Century-Old Jones Act Continues to Protect Maritime Workers
There has been recent talk about repealing the Jones Act of 1920 when it comes to the American economy stating that it is an antiquated law that does not fit in a modern economy. However, the overall purpose of the Jones Act is safety and the general wellbeing of maritime industry workers—and was enacted as a response to previous lack of protections.
The Jones Act, when referring to maritime law, controls coastwise trade within the United States and determines which ships may lawfully engage in that trade and the rules under which they must operate. As a safety measure, the Jones Act bans foreign vessels from naval transport in the U.S. coastal waters and between American ports, restricting them to American built vessels flying the U.S. flag and crewed primarily by American citizens. The argument regarding the economy stems from the fact that American made ships can cost three times as much as foreign ones. According to the U.S. Department of Transportation’s Maritime Administration, crews on U.S. flagged vessels are paid five times as much as those on foreign ships. It is also reported that the average operating cost of a U.S. flagged vessel is 2.7 times higher than that of its foreign counterparts. Because there are others in the industry that can compete for less, it is argued that it hurts the economy and that the Jones Act only helps a small percentage of people.
However, the Jones Act does a great deal more than “protect just a few shipping companies and maritime unions”—it ensures that maritime industry acts responsibly. In addition to economic guidelines and environmental regulations, the Jones Act contains important information about the maritime industry’s responsibilities regarding safety and the well-being of its crews. The Jones Act encapsulates the importance of having a strong maritime industry—the backbone of that industry being the safety of those who work to maintain it.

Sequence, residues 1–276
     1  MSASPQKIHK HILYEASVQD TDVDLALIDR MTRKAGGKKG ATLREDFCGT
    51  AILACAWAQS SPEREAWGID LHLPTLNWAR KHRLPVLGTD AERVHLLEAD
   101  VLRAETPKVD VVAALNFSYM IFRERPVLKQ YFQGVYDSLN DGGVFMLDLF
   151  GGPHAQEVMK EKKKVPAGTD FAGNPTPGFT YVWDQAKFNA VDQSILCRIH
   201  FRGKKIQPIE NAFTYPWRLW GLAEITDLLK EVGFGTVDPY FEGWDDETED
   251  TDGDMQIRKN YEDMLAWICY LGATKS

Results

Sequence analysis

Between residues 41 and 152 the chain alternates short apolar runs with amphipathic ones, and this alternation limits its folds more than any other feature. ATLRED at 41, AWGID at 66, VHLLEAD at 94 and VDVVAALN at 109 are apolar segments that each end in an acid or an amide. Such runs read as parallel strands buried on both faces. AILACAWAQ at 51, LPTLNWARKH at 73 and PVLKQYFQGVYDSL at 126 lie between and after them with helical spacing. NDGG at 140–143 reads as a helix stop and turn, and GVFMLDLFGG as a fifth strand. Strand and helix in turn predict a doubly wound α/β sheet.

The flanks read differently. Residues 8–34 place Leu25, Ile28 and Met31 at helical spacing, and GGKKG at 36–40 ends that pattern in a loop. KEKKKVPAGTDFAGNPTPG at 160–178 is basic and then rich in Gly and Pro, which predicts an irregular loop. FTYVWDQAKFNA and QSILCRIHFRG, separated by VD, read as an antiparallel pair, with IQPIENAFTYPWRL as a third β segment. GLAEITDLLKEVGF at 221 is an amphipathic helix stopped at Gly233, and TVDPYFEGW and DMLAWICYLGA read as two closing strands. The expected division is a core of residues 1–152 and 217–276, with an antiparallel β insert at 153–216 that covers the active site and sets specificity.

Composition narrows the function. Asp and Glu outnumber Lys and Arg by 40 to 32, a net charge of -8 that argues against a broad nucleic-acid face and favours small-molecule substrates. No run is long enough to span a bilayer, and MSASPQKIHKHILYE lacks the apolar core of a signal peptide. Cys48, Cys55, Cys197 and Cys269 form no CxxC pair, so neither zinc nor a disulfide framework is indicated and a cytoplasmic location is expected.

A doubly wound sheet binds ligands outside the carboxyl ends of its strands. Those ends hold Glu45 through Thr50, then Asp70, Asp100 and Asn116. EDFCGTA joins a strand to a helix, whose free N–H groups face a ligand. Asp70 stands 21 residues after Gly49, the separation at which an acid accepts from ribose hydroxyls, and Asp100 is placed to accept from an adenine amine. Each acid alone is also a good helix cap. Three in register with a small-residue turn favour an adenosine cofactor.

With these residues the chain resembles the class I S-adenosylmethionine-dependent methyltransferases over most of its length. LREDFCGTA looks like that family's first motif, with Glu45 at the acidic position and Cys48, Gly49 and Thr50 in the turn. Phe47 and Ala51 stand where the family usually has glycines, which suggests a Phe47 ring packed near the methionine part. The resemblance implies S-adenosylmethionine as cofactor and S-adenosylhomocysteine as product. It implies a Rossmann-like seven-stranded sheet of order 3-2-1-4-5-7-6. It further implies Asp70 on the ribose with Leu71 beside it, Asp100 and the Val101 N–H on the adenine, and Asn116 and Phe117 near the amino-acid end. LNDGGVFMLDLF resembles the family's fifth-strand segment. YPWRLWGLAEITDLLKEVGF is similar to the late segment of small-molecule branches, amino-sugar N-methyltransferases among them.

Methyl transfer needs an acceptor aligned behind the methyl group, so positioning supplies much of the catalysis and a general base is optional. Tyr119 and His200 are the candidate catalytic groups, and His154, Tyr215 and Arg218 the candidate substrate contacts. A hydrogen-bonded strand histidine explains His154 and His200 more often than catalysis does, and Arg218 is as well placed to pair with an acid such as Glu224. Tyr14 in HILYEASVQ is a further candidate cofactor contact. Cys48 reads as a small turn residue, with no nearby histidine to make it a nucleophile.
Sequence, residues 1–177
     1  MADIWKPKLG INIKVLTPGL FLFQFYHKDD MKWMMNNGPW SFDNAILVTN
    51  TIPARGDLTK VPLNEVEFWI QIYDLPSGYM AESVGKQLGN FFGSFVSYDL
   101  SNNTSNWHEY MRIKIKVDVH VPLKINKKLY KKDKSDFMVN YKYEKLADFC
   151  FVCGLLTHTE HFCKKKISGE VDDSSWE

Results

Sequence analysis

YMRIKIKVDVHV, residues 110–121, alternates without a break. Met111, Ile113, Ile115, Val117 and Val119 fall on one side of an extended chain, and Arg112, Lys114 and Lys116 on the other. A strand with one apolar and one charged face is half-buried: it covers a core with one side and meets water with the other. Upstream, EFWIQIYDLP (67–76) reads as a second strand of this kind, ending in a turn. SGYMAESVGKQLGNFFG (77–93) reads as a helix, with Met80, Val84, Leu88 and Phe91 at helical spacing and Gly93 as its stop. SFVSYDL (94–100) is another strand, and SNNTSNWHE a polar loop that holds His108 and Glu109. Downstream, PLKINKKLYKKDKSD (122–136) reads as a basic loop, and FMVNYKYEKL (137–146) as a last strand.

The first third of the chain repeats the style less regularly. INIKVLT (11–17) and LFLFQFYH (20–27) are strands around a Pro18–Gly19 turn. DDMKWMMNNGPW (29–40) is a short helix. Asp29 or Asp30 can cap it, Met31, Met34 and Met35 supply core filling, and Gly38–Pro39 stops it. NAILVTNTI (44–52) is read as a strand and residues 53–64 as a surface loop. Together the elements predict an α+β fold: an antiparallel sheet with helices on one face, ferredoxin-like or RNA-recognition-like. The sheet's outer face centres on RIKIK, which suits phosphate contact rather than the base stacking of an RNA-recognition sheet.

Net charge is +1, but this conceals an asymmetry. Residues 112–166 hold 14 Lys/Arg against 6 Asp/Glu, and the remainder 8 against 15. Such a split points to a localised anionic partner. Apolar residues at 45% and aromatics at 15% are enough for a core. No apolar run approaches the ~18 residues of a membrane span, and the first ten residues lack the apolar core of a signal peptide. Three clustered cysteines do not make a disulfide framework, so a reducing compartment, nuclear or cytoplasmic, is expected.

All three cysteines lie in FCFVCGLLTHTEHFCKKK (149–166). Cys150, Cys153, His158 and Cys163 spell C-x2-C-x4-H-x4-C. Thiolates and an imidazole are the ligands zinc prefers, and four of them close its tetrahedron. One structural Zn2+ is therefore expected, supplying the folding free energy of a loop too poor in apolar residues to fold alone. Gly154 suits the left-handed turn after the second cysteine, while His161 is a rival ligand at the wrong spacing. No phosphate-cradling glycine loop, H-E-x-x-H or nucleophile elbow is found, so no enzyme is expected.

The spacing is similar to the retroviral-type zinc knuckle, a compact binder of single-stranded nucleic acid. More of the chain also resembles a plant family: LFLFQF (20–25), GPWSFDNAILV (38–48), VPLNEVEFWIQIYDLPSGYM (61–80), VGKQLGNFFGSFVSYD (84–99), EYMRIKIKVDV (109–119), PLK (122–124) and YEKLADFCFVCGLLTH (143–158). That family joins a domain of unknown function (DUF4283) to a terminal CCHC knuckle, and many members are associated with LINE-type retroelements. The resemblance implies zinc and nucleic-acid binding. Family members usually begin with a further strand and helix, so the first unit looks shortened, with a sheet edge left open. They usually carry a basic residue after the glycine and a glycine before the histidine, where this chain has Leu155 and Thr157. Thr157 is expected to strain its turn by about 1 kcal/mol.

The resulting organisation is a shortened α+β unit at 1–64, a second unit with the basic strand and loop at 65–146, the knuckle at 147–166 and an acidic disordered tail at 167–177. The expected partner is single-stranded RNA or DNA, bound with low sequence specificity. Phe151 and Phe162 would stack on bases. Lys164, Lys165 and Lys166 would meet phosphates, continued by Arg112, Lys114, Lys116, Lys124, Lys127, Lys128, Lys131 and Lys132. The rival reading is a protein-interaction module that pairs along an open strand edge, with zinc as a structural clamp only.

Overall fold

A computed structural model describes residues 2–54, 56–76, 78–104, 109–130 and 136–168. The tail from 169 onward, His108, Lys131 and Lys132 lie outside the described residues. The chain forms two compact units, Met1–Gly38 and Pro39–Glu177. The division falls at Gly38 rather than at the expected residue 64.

Prior to the Jones Act, seamen were very limited as to their ability to recover for injuries aboard ship. There was a series of case law beginning in 1903 that held an injured seaman had no remedy against a negligent shipowner or fellow seaman other than maintenance and cure. The Jones Act became an important piece of legislation because it made the Federal Employers Liability Act (“FELA”) applicable to seamen. By doing so, it now safeguards the rights of sailors from being exploited by requiring compensation for injuries due to negligence by their employers. The Jones Act takes this protection one step further by requiring that employers maintain safe environments and provide medical care, and set standards for vessel maintenance, safety equipment such as lifeboats, crew qualifications, and training and licensing.
Those who have been hurt in a maritime accident should know that they have rights and should contact an attorney who is experienced in maritime law. Doing so offers the best opportunity for injured seamen and offshore workers to pursue relief they are entitled to. The maritime lawyers at Morrow & Sheppard are privileged to assist those who have been injured offshore, at sea, and on other navigable waterways (like rivers). We have experience litigating the complicated legal issues that a Jones Act analysis involves.
Our former clients include maritime professionals such as offshore rig workers, tanker crews, tugboat workers, cruise ship employees, and all manner of other maritime workers.
Call us at (800) 489-2216 today for help in navigating your legal claim.